By Dawn Allman
I am discovering more and more people who, like myself, enjoy reading cookbooks. I’m not talking about scouring a cookbook hurriedly looking for something to make for dinner—that’s what all those Tasty videos on Facebook are for. No, I’m talking about starting at the beginning and reading it like a novel!
What Makes a Good Cookbook?
I love nothing more than a cookbook with stories. Stories about why a recipe is special to the author, the history of a recipe, or just a funny incident that happened once when making a dish. More than a novel, a cookbook is marinated with the author’s personality. After taking a peek into their life and spending time with them in their kitchen, I often feel after I’ve finished like I’ve made a new friend.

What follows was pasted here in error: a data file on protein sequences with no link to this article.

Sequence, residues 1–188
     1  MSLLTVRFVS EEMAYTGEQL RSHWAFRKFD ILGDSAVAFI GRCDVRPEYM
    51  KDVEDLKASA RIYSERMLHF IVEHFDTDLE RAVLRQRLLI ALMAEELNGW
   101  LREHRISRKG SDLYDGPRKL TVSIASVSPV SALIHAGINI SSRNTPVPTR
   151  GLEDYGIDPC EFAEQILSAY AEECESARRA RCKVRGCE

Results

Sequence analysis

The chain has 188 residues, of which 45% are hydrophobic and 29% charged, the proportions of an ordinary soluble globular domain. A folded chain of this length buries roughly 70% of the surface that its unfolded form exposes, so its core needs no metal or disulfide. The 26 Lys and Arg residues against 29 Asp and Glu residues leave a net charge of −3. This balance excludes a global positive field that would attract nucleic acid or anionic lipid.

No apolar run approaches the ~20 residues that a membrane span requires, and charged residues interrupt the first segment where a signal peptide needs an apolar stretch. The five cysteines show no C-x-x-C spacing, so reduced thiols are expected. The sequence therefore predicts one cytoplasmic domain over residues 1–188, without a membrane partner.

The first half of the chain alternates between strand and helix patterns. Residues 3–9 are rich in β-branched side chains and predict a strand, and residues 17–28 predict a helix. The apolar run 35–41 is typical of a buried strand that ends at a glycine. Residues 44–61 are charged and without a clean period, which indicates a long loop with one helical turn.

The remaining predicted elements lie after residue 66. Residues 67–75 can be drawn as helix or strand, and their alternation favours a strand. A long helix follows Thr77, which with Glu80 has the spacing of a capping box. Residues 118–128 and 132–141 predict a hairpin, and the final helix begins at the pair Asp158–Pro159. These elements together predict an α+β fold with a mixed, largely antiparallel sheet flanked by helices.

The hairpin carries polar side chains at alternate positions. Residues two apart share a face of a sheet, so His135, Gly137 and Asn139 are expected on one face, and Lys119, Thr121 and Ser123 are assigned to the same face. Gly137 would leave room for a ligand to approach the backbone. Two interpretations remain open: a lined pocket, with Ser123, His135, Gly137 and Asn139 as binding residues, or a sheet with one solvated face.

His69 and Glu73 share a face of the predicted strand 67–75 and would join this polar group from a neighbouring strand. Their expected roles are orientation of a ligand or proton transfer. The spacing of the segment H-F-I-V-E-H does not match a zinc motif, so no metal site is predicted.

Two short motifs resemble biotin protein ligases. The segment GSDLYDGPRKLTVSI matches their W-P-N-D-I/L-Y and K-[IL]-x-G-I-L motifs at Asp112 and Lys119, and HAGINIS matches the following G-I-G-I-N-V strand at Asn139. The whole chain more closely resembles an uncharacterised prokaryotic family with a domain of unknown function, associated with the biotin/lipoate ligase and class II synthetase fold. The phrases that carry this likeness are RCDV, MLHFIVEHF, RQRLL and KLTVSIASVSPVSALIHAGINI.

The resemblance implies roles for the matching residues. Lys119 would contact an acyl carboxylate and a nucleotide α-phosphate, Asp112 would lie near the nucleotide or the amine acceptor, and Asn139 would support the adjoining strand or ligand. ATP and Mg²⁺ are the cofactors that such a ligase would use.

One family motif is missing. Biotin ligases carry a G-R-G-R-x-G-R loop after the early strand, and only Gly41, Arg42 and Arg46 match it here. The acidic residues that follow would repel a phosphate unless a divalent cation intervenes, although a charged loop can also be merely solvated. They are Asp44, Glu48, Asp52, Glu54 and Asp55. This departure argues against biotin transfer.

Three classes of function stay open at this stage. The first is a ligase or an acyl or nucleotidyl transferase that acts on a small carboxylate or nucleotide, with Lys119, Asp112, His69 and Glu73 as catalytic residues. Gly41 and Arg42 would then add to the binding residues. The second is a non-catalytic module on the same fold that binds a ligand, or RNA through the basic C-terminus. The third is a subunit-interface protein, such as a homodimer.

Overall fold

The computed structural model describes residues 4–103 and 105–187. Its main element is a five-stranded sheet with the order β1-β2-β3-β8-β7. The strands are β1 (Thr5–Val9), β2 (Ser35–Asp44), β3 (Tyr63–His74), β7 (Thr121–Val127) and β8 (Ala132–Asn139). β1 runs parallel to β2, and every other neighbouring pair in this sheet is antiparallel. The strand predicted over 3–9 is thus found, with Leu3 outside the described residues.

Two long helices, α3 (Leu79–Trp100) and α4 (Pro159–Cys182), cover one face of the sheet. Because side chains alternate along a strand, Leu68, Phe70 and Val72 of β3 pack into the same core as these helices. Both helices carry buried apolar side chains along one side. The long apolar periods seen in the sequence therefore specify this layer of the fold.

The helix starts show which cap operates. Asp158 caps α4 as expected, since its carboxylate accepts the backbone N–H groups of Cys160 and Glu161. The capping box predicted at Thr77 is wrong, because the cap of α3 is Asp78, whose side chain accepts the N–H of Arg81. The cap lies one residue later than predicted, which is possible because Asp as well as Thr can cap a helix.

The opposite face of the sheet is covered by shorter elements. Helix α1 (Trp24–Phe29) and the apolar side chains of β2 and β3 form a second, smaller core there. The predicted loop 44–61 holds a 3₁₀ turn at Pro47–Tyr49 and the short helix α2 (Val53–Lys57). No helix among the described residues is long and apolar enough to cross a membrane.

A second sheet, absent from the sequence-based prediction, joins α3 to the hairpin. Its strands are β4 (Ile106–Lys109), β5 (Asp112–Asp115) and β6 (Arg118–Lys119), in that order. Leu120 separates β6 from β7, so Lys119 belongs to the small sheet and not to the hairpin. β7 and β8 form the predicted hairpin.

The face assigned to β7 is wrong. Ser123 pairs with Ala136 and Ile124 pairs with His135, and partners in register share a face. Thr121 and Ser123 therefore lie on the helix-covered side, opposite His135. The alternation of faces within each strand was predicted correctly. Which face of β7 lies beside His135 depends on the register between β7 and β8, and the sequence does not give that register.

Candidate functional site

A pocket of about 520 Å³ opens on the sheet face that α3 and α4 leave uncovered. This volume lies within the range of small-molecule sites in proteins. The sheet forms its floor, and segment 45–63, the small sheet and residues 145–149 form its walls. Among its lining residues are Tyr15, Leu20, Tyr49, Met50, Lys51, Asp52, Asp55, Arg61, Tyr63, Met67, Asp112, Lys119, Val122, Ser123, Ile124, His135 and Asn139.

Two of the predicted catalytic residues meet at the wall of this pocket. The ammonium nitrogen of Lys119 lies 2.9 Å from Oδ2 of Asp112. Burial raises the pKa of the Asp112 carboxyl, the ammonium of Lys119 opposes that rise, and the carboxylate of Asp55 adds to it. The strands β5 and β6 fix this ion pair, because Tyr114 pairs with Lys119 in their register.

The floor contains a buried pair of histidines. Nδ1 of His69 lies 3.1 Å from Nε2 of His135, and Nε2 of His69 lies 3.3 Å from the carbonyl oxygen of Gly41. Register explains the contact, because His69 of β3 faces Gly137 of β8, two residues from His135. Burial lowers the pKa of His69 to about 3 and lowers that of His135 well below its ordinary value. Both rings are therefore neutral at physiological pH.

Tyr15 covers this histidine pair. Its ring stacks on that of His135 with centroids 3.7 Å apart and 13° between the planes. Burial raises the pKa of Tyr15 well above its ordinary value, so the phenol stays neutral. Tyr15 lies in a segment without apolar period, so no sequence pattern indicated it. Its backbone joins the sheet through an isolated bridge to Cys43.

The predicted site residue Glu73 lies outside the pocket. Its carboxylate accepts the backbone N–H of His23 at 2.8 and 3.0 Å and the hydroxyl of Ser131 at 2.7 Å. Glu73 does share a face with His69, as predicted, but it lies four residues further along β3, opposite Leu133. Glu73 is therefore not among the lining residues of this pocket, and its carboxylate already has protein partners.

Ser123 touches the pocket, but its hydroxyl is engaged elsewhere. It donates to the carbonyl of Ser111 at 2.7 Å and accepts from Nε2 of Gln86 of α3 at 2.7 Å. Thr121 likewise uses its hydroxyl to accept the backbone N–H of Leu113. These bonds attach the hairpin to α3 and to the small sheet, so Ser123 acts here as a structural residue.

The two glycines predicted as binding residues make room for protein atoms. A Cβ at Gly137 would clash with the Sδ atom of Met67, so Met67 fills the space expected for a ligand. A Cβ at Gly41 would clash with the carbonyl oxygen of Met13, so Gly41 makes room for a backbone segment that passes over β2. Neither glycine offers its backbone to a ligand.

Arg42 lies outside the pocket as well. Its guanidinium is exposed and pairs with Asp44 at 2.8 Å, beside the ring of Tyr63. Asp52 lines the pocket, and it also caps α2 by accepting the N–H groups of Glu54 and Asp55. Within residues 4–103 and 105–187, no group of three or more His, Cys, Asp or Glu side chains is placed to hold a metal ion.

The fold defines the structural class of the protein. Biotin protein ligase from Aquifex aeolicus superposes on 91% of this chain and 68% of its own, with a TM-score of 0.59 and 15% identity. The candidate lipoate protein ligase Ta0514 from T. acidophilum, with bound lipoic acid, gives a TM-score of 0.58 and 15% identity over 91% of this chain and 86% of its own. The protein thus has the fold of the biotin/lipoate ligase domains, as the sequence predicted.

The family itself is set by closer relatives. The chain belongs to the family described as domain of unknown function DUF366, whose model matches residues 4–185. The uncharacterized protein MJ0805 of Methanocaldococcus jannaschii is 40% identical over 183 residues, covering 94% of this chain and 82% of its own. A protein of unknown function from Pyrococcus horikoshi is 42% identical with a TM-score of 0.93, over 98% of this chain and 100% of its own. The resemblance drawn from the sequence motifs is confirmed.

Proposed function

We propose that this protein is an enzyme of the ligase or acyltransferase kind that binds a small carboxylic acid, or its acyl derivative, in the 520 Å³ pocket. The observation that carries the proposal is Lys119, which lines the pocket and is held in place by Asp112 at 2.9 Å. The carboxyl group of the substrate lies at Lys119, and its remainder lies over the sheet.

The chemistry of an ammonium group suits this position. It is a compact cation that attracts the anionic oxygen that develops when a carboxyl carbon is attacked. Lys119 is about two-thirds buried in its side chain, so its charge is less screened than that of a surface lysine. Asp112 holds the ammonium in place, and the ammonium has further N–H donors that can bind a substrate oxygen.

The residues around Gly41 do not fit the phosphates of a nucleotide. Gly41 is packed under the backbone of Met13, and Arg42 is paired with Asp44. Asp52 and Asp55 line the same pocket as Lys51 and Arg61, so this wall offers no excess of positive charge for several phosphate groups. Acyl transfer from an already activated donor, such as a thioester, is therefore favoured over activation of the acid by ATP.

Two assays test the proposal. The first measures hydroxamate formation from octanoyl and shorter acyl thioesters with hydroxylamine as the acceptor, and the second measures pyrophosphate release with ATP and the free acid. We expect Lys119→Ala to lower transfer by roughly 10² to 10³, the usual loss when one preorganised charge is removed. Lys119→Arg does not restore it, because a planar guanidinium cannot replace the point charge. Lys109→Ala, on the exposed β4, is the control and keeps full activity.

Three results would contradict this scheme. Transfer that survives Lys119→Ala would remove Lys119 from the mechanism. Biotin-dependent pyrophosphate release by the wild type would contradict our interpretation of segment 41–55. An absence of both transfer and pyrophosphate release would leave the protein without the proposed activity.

I even enjoy reading what I call “process” cookbooks. You know, the ones where they’ve tried every single recipe variation and method in order to find the “best” one. If I had people to wash all the dishes for me, this might be fun, but I don’t. So I enjoy reading about other people’s experiences and hard work, and of course, my dishes benefit from those trials and errors as well.
When I’m homesick, I thumb through an old community cookbook from the church I grew up in. Many of the contributors have now passed on, but the recipes warm me with memories of good times and good food shared in love. My daughter enjoys looking through our family cookbook and asking me questions about the recipes, as well as the aunts, uncles and cousins whom she’s never met or seldom gets to see.
Published for a family reunion in 2000, my own family cookbook has all of our recipes … but none of the stories – and that’s a mistake I regret. If you’re in the process of creating a cookbook, don’t make the same mistake. Fill up your personal pages and utilize recipes notes to make your cookbook one that will be readable, memorable and cherished for years to come. Now that I think about it, my family cookbook is due for a second edition, so I can get a second chance at personalizing it!